Dieting For Dummies
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If you have resolved to lose weight this year, you need to know what dieting strategies work. Many people will tell you not to eat late at night, or never eat between meals. This advice, is just plain wrong. Here are ten common myths dieting:

  • Eating late packs on the pounds: The kinds of foods you’re eating put on the weight, not the clock. Your body doesn’t process calories differently after dark. However, the foods that people tend to go for in front of the TV after dinner — chips, ice cream, chocolate treats, and the like — are usually high in fat and calories.

  • Consume fewer calories to achieve a breakthrough: You may share the common misconception that eating fewer calories can help you break through a weight-loss plateau. However, if you eat fewer than 800 to 1,000 calories a day, your body will conserve every calorie it can get. The only way to keep your metabolism purring is to exercise. When weight loss slows, walk a little longer, work out more frequently or more intensely, and don’t forget to eat.

  • Never have seconds: Instead of using a plate of food or a predetermined serving size as a yardstick for how much you should eat, try taking hunger and fullness cues from your body. Eating according to your appetite is much healthier. And when you eat slowly, recognizing when you’ve had enough is much easier.

  • Deny your cravings: Sometimes, the faster you give in and have a small portion of the food that you’re craving, the better off you are. Have a small serving of the food you crave and get over it.

  • Don’t eat between meals: Most people need to eat every three to four hours to avoid getting too hungry, which often leads to overeating. Dividing your calories into three meals and two or three snacks, instead of only three meals, can keep you well fueled for the day.

  • Eating breakfast makes you hungry all day: Many typical breakfast foods, while initially satisfying, are out of your system in about 30 minutes, and you need (and want) to eat again.

    Breakfast foods that have some protein and a little fat, in addition to complex carbohydrates and sugars, stay with you longer and give you the energy you need to make it through the morning. Whole-grain cereal with lowfat or fat-free milk, an egg on toast, and even a fruity breakfast shake made with lowfat or fat-free milk are good choices.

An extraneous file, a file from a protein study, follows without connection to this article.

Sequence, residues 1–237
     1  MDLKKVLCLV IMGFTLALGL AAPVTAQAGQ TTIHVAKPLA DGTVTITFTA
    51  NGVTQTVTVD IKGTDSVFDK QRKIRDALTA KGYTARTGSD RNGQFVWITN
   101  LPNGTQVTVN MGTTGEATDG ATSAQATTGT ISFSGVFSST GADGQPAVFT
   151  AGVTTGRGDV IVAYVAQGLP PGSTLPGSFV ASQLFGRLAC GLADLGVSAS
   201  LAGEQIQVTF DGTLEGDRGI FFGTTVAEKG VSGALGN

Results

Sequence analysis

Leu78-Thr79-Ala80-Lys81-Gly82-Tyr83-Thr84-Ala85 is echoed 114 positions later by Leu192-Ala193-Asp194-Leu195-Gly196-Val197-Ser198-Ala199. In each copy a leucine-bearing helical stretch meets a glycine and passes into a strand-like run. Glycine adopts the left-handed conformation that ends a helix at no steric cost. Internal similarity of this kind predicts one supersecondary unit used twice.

• To lose weight, become a vegetarian: A vegetarian diet can be high in fat and cholesterol, low in fiber, or both. Many vegetarian foods, including cheese and nuts, are high in fat and calories. So cutting out meat and replacing it with other equally fatty vegetarian foods isn’t only a bad diet move, but it may also increase your chances for nutritional.

  • Fasting drops the pounds: Some dieters will tell you that fasting for a few days drops the pounds quickly and shrinks your stomach. You may drop pounds if you fast, but some of that weight is muscle and most of it is water. You need to eat protein foods, such as lean meat, eggs, lowfat or fat-free milk, or legumes (beans and peas), or you’ll be thin and flabby, not thin and shapely.

  • You can eat everything that’s fat free: Fat-free foods aren’t calorie-free foods; check the Nutrition Facts panel on the food label. Many have just as many calories as the original versions, and a few have even more.

  • Some foods burn more calories than they contain: You may have heard this myth in regard to apples, grapefruit, and other fruits. Unfortunately that’s like returning from a trip before you left. Your body burns calories as it digests and metabolizes foods, but it’s only about 10 percent of the calories you need each day.

About This Article

This article is from the book:

About the book authors:

Jane Kirby, RD is a registered dietitian and member of the American Dietetic Association. She is the food and nutrition editor of Real Simple magazine and owner of The Vermont Cooking School, IncTM in Charlotte, Vermont. Jane is the former editor of Eating Well magazine and the food and nuitrition editor for Glamour. She served on the dietetics staff of the Massachusettes General Hospital in Boston, where she  completed graduate work in nutrition. She holds a Bachelor of Science degree from Marymount College.

The American Dietetic Association is the world’s largest group of nutrition and health professionals. As an advocate of the profession, the ADA serves the public by promoting optimal nutrition, health, and well-being.

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